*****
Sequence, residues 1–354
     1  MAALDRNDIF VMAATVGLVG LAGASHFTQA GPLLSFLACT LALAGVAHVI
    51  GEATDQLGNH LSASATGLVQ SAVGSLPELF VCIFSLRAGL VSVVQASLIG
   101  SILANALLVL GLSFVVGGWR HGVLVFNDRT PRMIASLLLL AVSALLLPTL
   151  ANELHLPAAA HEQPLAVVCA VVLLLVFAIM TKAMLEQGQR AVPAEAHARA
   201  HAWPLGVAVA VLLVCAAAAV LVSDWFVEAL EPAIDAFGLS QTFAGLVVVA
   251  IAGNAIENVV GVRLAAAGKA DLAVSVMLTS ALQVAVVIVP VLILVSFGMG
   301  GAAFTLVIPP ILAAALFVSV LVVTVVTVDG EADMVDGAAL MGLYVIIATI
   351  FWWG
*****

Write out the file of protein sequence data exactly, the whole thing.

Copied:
Sequence, residues 1–354
     1  MAALDRNDIF VMAATVGLVG LAGASHFTQA GPLLSFLACT LALAGVAHVI
    51  GEATDQLGNH LSASATGLVQ SAVGSLPELF VCIFSLRAGL VSVVQASLIG
   101  SILANALLVL GLSFVVGGWR HGVLVFNDRT PRMIASLLLL AVSALLLPTL
   151  ANELHLPAAA HEQPLAVVCA VVLLLVFAIM TKAMLEQGQR AVPAEAHARA
   201  HAWPLGVAVA VLLVCAAAAV LVSDWFVEAL EPAIDAFGLS QTFAGLVVVA
   251  IAGNAIENVV GVRLAAAGKA DLAVSVMLTS ALQVAVVIVP VLILVSFGMG
   301  GAAFTLVIPP ILAAALFVSV LVVTVVTVDG EADMVDGAAL MGLYVIIATI
   351  FWWG